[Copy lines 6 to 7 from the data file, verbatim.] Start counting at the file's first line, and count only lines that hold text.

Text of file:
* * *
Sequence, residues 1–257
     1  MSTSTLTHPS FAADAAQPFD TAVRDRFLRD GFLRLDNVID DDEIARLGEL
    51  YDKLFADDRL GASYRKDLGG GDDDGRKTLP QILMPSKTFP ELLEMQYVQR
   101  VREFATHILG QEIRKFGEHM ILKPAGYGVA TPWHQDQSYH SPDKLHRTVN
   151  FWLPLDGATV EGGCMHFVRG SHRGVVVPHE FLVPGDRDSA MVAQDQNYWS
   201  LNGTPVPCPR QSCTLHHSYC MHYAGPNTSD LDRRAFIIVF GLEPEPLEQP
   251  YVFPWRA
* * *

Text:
   201  LNGTPVPCPR QSCTLHHSYC MHYAGPNTSD LDRRAFIIVF GLEPEPLEQP
   251  YVFPWRA